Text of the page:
Essentially, proof-of-authority means the blockchain contains only a limited number of pre-selected authorized masternode validators rather than anonymous nodes. Hence, experts refer to PoA as a modified version of PoS as validators stake their identity rather than coins.
Users earn the right to validate blocks through pre-installed software and are incentivized to uphold a favorable reputation by always acting honestly. Like PoS, PoA is also massively scalable since no mining is required.
A prominent cryptocurrency project using PoA is Vechain, but other lesser-known examples include Go Chain, POA Network, Rinkeby, Kovan, etc.
4. Proof-of-importance (PoI)
PoI was introduced by NEM (New Economy Movement), a popular blockchain launched in 2015. Proof-of-importance borrows some elements from proof-of-stake since validators commit a pre-defined monetary amount for participation.
Yet, it aims to address one of the criticisms of PoS, where holders are incentivized to hoard their coins instead of transacting and participating. So, instead, PoI prioritizes how often validators interact with the network, who they interact with, and their reputation.
With PoI, participants are assigned an ‘importance score’ where the blockchain selects the most likely candidate based on their contribution to the platform instead of their wealth.
5. Proof-of-activity (PoA)
PoA is an intriguing hybrid consensus mechanism popularized by Decred, combining the best of both worlds in proof-of-work and proof-of-stake. In literal terms, PoA begins with PoW and ends with PoS.
So, proof-of-activity requires competitive computational mining for block creation. Yet, the miners also need to have a stake in the cryptocurrency. Once a solution exists, it’s then broadcast to the network.
The blockchain autonomously selects miners (who couldn’t find the solution) to vote on the solution based on their stake. It’s at this point where PoA essentially transitions to a PoS system. In the end, the rewards are split proportionally between the miners and ‘voters.’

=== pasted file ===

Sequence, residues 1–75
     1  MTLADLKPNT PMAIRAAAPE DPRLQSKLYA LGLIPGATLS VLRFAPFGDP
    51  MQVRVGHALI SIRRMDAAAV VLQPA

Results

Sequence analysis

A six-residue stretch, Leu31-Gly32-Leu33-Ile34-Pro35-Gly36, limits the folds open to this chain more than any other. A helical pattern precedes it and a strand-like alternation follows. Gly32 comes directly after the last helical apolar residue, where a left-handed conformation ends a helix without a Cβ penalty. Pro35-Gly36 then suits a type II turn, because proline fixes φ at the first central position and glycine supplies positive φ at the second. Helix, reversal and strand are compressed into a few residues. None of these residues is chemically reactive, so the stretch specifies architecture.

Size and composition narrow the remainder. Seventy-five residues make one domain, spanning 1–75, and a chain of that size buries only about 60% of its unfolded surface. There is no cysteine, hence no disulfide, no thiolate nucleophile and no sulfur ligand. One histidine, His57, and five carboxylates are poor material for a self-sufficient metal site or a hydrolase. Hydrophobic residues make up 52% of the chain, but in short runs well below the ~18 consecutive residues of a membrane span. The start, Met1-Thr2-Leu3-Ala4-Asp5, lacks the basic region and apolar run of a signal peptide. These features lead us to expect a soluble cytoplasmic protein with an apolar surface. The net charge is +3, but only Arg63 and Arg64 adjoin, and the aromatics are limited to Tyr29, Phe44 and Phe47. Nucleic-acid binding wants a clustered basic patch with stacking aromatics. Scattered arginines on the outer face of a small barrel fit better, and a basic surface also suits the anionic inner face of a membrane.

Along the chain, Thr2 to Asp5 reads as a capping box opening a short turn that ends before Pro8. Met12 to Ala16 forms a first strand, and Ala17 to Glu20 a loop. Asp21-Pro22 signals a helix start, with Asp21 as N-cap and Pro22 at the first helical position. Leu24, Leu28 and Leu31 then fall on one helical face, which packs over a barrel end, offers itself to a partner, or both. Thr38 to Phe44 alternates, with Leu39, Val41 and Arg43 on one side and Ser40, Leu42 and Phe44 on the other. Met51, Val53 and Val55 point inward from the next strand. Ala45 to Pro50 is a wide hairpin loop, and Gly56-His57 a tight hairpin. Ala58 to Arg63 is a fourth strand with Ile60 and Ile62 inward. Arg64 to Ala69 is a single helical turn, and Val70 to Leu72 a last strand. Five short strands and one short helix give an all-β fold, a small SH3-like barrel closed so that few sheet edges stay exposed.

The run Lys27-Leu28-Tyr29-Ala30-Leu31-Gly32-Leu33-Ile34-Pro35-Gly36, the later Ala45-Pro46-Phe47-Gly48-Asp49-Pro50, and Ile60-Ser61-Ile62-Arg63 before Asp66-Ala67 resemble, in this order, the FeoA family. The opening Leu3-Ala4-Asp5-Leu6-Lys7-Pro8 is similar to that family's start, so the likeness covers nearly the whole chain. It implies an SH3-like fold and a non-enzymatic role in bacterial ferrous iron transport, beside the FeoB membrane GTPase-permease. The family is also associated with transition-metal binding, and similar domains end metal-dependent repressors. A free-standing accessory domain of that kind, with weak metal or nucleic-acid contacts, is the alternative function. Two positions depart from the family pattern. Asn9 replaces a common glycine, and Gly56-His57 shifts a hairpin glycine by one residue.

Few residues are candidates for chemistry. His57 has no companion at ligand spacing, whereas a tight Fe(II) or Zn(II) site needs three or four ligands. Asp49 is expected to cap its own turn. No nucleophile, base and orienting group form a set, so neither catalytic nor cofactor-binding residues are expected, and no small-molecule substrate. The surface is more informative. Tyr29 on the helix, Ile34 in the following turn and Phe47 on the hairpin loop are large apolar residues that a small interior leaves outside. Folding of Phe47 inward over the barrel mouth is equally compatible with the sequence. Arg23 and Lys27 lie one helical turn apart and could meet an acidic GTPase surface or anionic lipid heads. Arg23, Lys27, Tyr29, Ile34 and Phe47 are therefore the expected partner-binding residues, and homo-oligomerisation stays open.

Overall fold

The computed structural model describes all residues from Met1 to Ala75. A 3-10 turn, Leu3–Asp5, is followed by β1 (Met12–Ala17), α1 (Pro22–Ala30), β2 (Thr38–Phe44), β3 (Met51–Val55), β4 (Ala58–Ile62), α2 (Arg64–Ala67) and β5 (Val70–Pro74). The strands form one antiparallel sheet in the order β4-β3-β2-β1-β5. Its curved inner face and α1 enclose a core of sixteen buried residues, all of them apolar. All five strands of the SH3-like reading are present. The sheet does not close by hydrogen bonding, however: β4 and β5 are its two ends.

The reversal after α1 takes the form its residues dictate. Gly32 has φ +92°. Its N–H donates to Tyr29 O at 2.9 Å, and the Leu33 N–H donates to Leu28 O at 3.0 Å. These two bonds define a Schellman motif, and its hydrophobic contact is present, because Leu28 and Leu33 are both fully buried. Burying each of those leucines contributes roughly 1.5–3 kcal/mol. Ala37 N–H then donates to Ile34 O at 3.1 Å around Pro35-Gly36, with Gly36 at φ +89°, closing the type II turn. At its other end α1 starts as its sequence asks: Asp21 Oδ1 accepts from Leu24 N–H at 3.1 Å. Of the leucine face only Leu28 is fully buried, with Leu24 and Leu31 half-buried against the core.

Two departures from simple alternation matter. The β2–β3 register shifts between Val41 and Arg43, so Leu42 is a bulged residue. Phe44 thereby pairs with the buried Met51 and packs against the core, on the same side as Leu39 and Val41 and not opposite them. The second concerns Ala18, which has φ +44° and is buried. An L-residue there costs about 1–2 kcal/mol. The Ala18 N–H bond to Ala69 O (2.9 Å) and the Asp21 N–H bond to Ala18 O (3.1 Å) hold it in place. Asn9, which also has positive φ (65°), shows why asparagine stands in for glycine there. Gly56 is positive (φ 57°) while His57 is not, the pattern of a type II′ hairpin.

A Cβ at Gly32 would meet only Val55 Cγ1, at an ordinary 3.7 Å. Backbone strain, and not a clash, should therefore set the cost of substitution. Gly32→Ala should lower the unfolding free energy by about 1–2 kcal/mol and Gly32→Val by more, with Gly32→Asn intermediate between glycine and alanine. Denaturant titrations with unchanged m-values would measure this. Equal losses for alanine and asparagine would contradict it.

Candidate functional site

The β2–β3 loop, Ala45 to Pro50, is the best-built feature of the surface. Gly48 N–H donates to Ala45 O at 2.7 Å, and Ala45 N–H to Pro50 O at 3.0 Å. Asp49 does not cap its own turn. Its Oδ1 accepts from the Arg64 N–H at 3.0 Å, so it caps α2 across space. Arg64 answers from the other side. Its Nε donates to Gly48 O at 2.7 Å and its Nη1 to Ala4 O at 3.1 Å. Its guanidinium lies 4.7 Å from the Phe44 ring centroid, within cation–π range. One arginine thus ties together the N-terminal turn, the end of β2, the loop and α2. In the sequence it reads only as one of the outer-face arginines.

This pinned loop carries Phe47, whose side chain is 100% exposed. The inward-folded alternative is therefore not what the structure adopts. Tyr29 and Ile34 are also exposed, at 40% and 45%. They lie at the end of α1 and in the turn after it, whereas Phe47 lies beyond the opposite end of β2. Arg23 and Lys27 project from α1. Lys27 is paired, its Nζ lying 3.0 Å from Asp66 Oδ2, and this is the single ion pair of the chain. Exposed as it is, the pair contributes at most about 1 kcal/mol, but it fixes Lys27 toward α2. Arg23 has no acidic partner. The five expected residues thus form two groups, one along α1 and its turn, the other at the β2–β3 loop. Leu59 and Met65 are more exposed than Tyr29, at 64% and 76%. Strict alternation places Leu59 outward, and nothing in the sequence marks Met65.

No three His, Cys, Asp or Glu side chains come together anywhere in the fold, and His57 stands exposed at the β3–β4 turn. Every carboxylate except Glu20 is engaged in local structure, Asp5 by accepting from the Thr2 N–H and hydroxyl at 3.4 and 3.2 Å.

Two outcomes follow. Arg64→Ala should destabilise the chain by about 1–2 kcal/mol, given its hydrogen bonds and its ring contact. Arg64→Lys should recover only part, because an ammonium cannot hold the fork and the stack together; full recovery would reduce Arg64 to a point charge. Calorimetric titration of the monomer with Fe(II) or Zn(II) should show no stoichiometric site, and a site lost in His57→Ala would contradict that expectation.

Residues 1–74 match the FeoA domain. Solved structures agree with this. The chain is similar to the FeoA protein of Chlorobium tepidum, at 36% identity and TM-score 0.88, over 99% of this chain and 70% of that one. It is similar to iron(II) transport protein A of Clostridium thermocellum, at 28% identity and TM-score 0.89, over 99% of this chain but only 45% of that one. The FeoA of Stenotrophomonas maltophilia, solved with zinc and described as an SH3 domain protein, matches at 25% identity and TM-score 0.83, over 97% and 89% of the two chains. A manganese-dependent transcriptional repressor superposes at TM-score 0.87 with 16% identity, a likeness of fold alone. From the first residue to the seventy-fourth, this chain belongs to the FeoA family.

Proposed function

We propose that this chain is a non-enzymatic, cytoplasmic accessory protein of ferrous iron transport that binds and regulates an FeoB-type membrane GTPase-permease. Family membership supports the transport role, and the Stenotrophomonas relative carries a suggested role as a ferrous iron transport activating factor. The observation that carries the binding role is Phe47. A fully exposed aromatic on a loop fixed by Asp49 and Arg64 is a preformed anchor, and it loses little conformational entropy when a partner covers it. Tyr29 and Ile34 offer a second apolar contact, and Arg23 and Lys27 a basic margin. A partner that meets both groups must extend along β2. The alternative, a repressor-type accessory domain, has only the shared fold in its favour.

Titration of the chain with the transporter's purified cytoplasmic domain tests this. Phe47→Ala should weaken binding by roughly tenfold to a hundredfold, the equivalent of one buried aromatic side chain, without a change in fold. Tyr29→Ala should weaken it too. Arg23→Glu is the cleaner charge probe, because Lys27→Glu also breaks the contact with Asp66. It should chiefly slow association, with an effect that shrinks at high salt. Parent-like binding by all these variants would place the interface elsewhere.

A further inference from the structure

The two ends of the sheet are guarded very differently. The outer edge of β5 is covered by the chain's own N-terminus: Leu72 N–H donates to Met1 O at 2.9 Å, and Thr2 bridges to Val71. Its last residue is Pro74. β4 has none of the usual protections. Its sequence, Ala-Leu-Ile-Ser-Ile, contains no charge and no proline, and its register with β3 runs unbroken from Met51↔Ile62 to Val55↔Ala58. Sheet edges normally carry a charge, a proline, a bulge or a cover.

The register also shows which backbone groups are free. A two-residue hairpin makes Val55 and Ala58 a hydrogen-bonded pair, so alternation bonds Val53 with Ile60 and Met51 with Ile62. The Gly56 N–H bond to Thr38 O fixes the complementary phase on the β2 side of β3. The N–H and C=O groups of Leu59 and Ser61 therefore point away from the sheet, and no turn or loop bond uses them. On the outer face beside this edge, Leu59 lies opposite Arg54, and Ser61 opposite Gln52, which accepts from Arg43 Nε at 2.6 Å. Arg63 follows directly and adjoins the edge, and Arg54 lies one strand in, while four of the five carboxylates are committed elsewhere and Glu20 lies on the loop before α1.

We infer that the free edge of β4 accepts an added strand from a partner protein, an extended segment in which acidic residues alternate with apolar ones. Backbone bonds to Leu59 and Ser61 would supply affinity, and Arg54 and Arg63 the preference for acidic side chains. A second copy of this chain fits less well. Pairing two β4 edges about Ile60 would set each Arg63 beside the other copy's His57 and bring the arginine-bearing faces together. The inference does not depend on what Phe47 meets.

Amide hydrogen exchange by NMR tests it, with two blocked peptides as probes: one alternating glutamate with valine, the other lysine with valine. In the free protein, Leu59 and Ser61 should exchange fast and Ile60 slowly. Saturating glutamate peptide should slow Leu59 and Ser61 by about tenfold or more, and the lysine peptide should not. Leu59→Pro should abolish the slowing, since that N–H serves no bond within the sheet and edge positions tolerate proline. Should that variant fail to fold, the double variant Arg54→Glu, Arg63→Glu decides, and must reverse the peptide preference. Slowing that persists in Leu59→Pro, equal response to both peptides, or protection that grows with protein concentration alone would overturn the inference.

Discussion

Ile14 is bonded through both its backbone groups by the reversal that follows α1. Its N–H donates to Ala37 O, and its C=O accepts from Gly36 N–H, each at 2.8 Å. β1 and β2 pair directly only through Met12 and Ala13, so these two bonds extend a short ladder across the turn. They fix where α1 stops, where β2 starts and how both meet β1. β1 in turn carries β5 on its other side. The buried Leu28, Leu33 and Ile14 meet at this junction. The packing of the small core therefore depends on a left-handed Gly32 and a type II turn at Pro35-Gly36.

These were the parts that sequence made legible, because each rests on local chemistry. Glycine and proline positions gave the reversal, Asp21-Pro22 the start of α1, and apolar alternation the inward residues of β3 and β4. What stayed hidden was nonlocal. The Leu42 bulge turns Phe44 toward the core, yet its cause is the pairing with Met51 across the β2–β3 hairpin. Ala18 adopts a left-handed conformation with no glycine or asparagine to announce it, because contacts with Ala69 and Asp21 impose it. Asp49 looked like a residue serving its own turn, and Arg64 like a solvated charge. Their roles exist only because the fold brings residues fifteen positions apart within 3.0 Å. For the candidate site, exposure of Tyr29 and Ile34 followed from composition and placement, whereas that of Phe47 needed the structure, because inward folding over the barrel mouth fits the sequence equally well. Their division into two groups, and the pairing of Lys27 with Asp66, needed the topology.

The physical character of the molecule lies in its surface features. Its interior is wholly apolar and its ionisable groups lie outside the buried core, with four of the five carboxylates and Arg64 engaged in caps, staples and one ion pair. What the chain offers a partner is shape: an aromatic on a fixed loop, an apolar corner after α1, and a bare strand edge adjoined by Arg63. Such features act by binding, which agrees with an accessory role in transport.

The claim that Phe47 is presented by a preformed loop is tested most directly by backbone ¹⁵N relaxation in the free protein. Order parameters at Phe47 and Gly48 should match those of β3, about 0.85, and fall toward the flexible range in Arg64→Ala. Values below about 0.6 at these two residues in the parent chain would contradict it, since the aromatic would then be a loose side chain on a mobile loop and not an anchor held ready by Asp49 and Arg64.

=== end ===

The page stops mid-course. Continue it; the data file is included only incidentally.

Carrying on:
One of the unique advantages of PoA is its enhanced security. From an attacking perspective, it’s more expensive to own massive computing resources (PoW) and simultaneously have a stake in the network (PoS).
6. Proof-of-capacity (PoC)
Proof-of-capacity is a mining-based consensus mechanism prioritizing the hard drive capacity or space of the nodes participating in the network. With PoC, the mining devices already contain a list of possible solutions beforehand.
Hence, no computational work is required to solve the blocks, making the system far less expensive and energy-consuming. In short, the larger your hard drive, the more solutions you can store and the higher your chances of receiving the mining reward.
SpaceMint, Chia, and Burst are some examples of blockchains using this approach. Filecoin, the file storage protocol, uses a similar concept named proof-of-storage, also focusing on hard drive space.
Blockchains are a fascinating invention in database handling since they are effectively self-regulated and capable of functioning autonomously on a global scale.
With the help of a suitable consensus mechanism, they achieve what most would consider the five key components of digital currencies; security, decentralization, transparency, autonomy, and anonymity.
Although PoW is the first consensus mechanism the world was exposed to thanks to Bitcoin, mining does face an uncertain future because of how much power it consumes and the expensive equipment.
It’s one of the main reasons why Ethereum 2.0 is so widely anticipated. Should Ethereum eventually transition towards a proof-of-stake model, we may see more cryptocurrencies being created through similar non-mining-based systems.